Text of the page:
Copyright theft is theft, pure and simple, but exaggerating the losses and exaggerating the threat piracy poses serves no-one’s best interests.

Crime happens. We learn to live with it, take precautions and go about our normal lives. But when it comes to piracy in publishing – and especially digital publishing – many prefer to use the threat of crime as an excuse not to embrace digital.

At the end of the day it is the law-abiding consumer – and in the long run the publisher – that pays the price.

Piracy is not going to go away. Name a crime that no longer exists because law enforcement eradicated it. Real life just doesn’t work that way.

But the cost of piracy to publishers is invariable exaggerated, not least because many who consume pirated material a) would not pay otherwise, and b) may not be able to access the material legally.

Let me share a local example here in The Gambia, where counterfeit DVDs of Hollywood, Bollywood and Nollywood films are openly sold on street corners and in shops.

Does Disney lose even a cent by the latest DVD of a Disney film being available? Basically no, because these consumers have absolutely no way to legally buy these DVDs here.

That’s not to sanction illegal copying – it is a criminal offence even here in The Gambia, which has IP laws, but neither the means nor the incentive to enforce them.

Which brings is to Japan, where IP protection is taken very seriously, as 29 year old Romi Hoshino found out. Hoshino has been jailed for three years and fined $650,000 for his role as administrator of the pirate Manga website Mangamura, founded in 2016 and which attracted as many as 100 million users a month.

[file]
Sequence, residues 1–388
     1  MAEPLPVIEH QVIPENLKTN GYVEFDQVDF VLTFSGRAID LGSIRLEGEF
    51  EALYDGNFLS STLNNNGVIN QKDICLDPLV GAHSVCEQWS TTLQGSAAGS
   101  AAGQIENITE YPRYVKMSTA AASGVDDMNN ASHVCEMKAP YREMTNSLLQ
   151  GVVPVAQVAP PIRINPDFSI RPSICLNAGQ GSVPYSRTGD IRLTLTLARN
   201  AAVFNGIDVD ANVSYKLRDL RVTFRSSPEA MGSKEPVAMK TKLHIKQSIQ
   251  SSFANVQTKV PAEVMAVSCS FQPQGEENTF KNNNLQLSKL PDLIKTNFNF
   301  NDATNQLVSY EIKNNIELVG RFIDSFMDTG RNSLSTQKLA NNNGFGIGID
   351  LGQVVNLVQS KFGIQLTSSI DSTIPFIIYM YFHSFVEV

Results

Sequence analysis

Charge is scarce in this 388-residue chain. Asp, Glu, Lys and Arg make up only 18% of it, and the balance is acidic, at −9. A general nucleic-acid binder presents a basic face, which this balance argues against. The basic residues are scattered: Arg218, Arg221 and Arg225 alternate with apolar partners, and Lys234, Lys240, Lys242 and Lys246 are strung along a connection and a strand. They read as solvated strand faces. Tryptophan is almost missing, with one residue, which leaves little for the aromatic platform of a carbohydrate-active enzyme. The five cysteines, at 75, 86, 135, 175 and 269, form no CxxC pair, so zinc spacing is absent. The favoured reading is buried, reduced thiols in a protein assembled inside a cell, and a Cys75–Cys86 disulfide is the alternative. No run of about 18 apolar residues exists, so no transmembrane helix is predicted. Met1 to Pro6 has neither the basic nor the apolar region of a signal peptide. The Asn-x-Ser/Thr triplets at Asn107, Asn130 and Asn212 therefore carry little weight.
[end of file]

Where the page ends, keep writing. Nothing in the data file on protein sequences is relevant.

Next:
Mangamura was shuttered back in 2018 after several publishers, including Kodansha and Shueisha did their homework to present a prosecutable case against Hoshino.

Hoshino, who raked in over a half billion dollars from advertisers, argued that Mangamura simply directed consumers to sites actually hosting the pirated material. The Japanese Court held this still breached the Copyright Act.

Three others involved in running Mangamura have also been arrested and are awaiting sentencing.

Besides Hoshino, three other operators of Mangamura were also arrested in the past. Wataru Adachi’s arrest happened in 2019, along with Kota Fujisaki and Shiho Ito. All three are awaiting sentencing.

The unanswered question is just how much Mangamura harmed publishing.

Content Overseas Distribution Association (CODA) estimates publishers’ losses at around 319 million yen ($2.9 million), but again we have no possible way of knowing how many of those who paid cash for pirated copy would actually have paid full price for the legal version. And that, of course, assuming they even knew they were buying a counterfeit version.

Complicating matters further, in the year after Mangamura launched digital sales of legal Manga exceeded print for the first time, and has been ahead of print ever since.

Via AnimeCorner.

To what extent the existence of Mangamura helped promote interest in the digital format such that helped bring that about is something we’ll never know, but is something we need to keep in mind.

Copyright theft is theft, pure and simple, but exaggerating the losses and exaggerating the threat piracy poses to keep digital engagement to a minimum serves no-one’s best interests.